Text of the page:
A company called BluWave-ai plans to use what it has learned from working with the Summerside electric utility over the last three years to expand its work to smart grids around the world.
The new Canadian Smart Grid AI Centre of Excellence will also give university researchers a real world opportunity to test new products and concepts that take advantage of artificial intelligence, or AI.
“When we started BluWave-ai, as you can imagine, as a high tech-startup, you don’t have a lot of budget to put up wind farms and solar panels and battery storage, and you don’t have a grid to meter up,” said company CEO Devashish Paul, who is based in Ottawa.
“So we embarked on a path to find suitable partners in the Canadian electricity market who may have some of those assets, and we figured that we’d have to get wind somewhere, solar somewhere else.”
On the recommendation of a smart grid expert at Natural Resources Canada, the company reached out to the City of Summerside.
“They actually have everything. They have local generation assets, wind, solar, diesel backup. They have a great connection. They’ve invested in battery storage, fully metered smart grid,” Paul said.
In 2017, Summerside was way ahead of Canada and actually much of the rest of the world.—Devashish Paul, BluWave-ai CEO
“Fast forward to last fall, when everyone met in Glasgow for COP26, and they talk about the energy transition. In 2017, Summerside already had all the building blocks in place that the whole world is talking about in 2021 to go decarbonize the planet.
“In 2017, Summerside was way ahead of Canada and actually much of the rest of the world.”
Summerside Electric, the city-owned utility, generates power through a combination of wind turbines and a diesel generation plant. (Jane Robertson/CBC)
Other executives are also fans of the city.
“I was definitely familiar with Prince Edward Island before,” said Mostafa Farrokhabadi, vice president of technology for BluWave-ai.
“But I wasn’t really aware of the degree of advancement and complexity that the City of Summerside grid has, making it an ideal platform for us as a young company to basically prove our technology.”
The company began working with Summerside’s electric utility in 2018, with the software going live in 2019. It uses algorithms to determine energy needs.
“Summerside had an existing software system, but the utility felt that it was not reacting well to changes in the grid, changes in the environment, changes in wind generation,” Paul said.
“It was leaving money and carbon on the table, not as efficient as it could be.”
In 2019, BluWave-ai began using its AI software at the Summerside electric utility, culminating in November 2021 when the company and the City of Summerside announced they now had the first end-to-end AI-optimized smart grid in North America.
The company described what it has been doing in Summerside as a living lab program.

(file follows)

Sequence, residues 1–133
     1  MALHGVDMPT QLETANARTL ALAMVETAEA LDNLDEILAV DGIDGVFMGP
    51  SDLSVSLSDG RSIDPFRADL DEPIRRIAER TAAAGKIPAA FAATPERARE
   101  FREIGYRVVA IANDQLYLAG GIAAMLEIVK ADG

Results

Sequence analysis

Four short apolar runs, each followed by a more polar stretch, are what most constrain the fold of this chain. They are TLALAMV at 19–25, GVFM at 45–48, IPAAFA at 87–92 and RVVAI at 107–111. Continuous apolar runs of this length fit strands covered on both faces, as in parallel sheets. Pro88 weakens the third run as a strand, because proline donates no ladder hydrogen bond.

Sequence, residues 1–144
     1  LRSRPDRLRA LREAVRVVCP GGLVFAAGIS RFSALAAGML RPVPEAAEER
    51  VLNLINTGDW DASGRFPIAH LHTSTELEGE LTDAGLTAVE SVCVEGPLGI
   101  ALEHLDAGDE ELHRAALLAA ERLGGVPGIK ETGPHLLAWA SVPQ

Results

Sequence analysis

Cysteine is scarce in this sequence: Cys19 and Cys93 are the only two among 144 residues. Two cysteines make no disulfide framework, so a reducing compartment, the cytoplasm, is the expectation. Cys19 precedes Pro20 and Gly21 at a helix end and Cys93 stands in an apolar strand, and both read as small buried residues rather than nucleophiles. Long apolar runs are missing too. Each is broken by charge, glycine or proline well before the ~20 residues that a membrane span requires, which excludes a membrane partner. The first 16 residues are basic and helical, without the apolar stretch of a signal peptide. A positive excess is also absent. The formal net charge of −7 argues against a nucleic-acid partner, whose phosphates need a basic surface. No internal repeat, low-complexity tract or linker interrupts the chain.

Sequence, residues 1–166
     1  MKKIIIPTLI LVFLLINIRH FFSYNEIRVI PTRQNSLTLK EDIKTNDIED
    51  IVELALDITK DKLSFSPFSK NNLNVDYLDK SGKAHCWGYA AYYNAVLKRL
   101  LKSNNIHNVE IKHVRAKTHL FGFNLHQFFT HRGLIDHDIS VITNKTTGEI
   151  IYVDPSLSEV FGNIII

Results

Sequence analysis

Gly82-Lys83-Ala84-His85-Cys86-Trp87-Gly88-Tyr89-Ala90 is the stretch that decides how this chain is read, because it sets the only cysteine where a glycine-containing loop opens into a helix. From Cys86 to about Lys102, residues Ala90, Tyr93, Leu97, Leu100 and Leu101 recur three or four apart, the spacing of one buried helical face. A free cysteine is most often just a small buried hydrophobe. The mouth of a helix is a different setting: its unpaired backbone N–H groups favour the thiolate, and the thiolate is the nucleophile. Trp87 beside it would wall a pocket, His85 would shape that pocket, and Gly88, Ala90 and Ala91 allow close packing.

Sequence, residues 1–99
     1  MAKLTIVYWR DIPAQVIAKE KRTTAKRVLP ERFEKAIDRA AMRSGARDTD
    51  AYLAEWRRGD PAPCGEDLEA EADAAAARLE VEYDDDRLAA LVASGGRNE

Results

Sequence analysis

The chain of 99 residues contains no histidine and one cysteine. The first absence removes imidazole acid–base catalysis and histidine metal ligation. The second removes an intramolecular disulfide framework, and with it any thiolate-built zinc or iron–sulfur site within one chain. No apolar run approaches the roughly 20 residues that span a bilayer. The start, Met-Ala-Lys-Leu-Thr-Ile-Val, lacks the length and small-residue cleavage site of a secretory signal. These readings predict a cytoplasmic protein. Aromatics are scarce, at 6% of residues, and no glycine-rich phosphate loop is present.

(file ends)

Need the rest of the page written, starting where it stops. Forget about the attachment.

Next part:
The company began working with Summerside’s electric utility in 2018. (Summerside Electric)
“Our big vision for BlueWave-ai is basically that anyone can set up an account on our platform, and they can take existing models and then they can plug their data in from their utility, and convert the AI models — it’s called training — to then do what’s going on in Summerside at their own utility,” Paul said.
Paul said the company has set up a research centre in Summerside, and will be hiring people locally to keep adding to the cloud platform as part of the Canadian Centre of Excellence.
“What will end up happening moving forward is other utilities in Canada will actually be able to benefit from the platform,” Paul said. “We have other customers and partners of ours in India, in the U.K. and U.S. market that are already part of this platform.”
University researchers will also benefit, the company said.
“What we’re doing is providing that platform to outside-world researchers to get access to actual operating data, and making sure that they can use that data for development of their techniques and tools,” Farrokhabadi said.
Those researchers will then be able to craft practical tests and “use that for benchmarking, and apple-to-apple comparison.”
The website of city-owned Summerside Electric says the utility uses the power of the wind to fulfill 46 per cent of residents’ energy needs. (CBC)
Paul said the company makes money through the initial testing, but also in the longer term.
“Initially, they test with our software and they pay us to see the tests. In effect, it’s a consulting service at the front end when they’re doing the testing, because they’re trying to see the possibilities,” Paul said.
“Once they see the possibilities, then they pay us on an ongoing basis to use the software, to save them money and decarbonize their operations.”
Paul said the next step for BluWave-ai and for the City of Summerside is the new Sunbank project, with large-scale solar and battery storage, which will allow Summerside the capacity to operate with 100-per-cent renewable energy.
“They’ll be able to cover all their energy needs by renewable energy in most circumstances. And in other circumstances, they’ll actually be able to even export excess renewable energy to the rest of the grid and to [New Brunswick],” Paul said.
Summerside Electric, which recently celebrated its 100th birthday, is one of very few city-owned power utilities in North America. (CBC)
“Summerside is setting the stake in the leadership ground nationally and internationally on what’s possible with a fully renewable energy, complemented with [an] AI smart grid system that is not burning through any carbon at all.
“What Summerside is doing is what everyone at COP26 is talking about. And the rest of the world will be looking at this and going, ‘Okay, that’s how you do it.'”